President Donald Trump, right, holds a bilateral meeting with Qatar's Emir Sheikh Tamim Bin Hamad Al Thani, in Riyadh, Saudi Arabia.
President Donald Trump, right, holds a bilateral meeting with Qatar's Emir Sheikh Tamim Bin Hamad Al Thani, in Riyadh, Saudi Arabia. AP Photo/Evan Vucci

Qatar crisis: Saudi Arabia's attack more than it seems

THE world has been told Qatar's support of terrorism is behind the Middle East's biggest diplomatic crisis in decades.

But is this the whole truth?

While Qatar has been accused of harbouring and financing terrorism and destabilising the region, Saudi Arabia has other reasons for pulling its neighbour into line.

According to Middle East expert Dr Ben Rich, Saudi Arabia and six other nations cutting ties with Qatar isn't really to do with terrorism at all.

On Monday, Saudi Arabia, Bahrain, Egypt, the United Arab Emirates, Yemen, Libya and the Maldives all severed diplomatic ties with gas-rich Qatar, which has been accused of supporting Islamist groups, including some backed by Iran.

"This is really more about geopolitics," Dr Rich, a lecturer from Curtin University's Department of Social Sciences and Security Studies told news.com.au.

People walk past the Qatar Airways headquarters in Doha, Qatar, 06 June 2017. Saudi Arabia announced on 06 June the cancellation of all operating licenses granted to Qatar Airways and ordered the closure within 48 hours of all its offices in the country
People walk past the Qatar Airways headquarters in Doha, Qatar, 06 June 2017. Saudi Arabia announced on 06 June the cancellation of all operating licenses granted to Qatar Airways and ordered the closure within 48 hours of all its offices in the country AAP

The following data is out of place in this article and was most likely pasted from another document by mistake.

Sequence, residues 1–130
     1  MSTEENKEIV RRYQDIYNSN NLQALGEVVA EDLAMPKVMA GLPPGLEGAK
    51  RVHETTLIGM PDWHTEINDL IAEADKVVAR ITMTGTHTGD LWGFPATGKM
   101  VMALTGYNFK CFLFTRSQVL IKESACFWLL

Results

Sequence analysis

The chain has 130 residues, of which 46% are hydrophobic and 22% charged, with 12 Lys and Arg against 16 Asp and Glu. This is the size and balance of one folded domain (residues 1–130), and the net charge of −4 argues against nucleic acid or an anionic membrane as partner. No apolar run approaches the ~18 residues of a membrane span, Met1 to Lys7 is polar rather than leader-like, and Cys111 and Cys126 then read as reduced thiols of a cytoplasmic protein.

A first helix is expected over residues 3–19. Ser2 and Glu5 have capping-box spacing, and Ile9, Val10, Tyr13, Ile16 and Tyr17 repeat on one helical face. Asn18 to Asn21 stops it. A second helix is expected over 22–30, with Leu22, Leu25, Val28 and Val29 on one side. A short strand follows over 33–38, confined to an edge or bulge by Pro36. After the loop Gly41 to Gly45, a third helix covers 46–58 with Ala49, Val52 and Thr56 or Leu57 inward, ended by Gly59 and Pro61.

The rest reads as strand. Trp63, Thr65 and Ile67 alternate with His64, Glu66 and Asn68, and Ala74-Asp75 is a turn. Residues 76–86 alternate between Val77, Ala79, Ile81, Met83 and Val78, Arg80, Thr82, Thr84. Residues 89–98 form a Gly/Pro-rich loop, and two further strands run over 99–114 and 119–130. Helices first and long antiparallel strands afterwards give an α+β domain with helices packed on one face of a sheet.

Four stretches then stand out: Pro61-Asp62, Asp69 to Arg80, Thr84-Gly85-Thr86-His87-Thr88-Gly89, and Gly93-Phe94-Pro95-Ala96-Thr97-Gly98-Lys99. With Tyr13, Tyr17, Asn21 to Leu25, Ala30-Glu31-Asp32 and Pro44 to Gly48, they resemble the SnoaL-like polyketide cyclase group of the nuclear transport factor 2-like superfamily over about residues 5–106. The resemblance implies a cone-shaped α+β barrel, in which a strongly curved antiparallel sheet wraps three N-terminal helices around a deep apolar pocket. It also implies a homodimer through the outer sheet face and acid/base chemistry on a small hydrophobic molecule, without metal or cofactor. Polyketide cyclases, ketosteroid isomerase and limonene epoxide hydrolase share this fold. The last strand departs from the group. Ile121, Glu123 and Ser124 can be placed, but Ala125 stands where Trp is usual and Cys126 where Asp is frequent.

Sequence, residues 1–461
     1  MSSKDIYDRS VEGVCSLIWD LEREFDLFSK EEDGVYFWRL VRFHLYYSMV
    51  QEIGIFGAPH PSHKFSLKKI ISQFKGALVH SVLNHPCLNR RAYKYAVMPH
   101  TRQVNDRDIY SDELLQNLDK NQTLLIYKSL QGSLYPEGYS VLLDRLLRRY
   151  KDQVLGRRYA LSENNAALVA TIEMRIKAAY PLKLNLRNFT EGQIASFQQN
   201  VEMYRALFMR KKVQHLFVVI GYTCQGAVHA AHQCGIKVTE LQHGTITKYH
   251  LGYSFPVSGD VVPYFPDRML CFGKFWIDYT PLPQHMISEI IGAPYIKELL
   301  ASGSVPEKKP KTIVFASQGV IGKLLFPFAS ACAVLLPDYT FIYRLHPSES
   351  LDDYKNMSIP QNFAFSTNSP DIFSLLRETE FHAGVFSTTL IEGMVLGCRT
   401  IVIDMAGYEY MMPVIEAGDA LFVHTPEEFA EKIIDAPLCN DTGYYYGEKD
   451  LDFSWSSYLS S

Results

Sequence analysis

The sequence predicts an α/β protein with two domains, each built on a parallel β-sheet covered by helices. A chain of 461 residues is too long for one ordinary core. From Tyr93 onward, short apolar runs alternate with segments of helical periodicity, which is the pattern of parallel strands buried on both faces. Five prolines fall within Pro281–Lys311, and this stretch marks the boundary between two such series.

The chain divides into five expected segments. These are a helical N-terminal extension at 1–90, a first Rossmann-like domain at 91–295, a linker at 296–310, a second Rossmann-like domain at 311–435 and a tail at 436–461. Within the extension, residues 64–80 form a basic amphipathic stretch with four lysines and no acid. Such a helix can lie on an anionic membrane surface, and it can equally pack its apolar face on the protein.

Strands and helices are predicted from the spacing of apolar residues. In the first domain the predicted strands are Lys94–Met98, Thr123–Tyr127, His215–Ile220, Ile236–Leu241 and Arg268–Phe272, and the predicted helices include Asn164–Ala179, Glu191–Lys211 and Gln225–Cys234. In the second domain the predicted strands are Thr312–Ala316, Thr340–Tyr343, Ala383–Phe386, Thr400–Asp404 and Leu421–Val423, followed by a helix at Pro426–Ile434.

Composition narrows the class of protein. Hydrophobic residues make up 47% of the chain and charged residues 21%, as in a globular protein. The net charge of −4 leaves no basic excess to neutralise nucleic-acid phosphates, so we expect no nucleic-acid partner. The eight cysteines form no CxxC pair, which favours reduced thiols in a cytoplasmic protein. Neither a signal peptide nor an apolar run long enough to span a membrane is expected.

Dr Rich said the terrorism justification was in many respects a veneer, or an excuse, for Saudi Arabia to justify the dramatic action to the West - especially the US.

"This is about how Qatar is pursuing its own path and interests apart from the GCC (Gulf Cooperation Council)," he said.

He said Qatar, and its support of Islamist organisations such as the Muslim Brotherhood had long been a thorn in the side of Saudi.

Along with other Islamist backers, they are seen to undermine security in the region.

But Dr Rich said that argument was questionable given many of those terror links weren't exactly a direct threat to Saudis.

He also said Saudi Arabia was conveniently ignoring the fact that it, too, has supported various terrorist organisations.

He said that excuse was wearing thin for those who knew more about what was really going on in the region.

He pointed out the Saudi media had launched a smear campaign against Qatar for at least the past month and this dramatic cutting of ties with by the Gulf states was planned and timed.
 

WHO'S ON WHICH SIDE?

According to Dr Rich, "Qatar is on Qatar's side" and does everything in its own interests.

Saudi and Iran are undoubtedly the biggest power players in the Gulf, while Egypt and Turkey are second tier players supporting different sides.

 

The kingdom of Saudi Arabia is coming down hard on Qatar.
The kingdom of Saudi Arabia is coming down hard on Qatar. Hassan Ammar

Iran has a population twice the size of Saudi and is also more unified than its rival, which helps explain why Saudi relies on its Gulf allies more.

"Qatar has typically backed the Muslim Brotherhood which the Egyptian government regards as a terrorist organisation," he said.

"The Turkish President Recep Tayyip Erdogan has said he will back Qatar and Iran has said it will give some support to Qatar.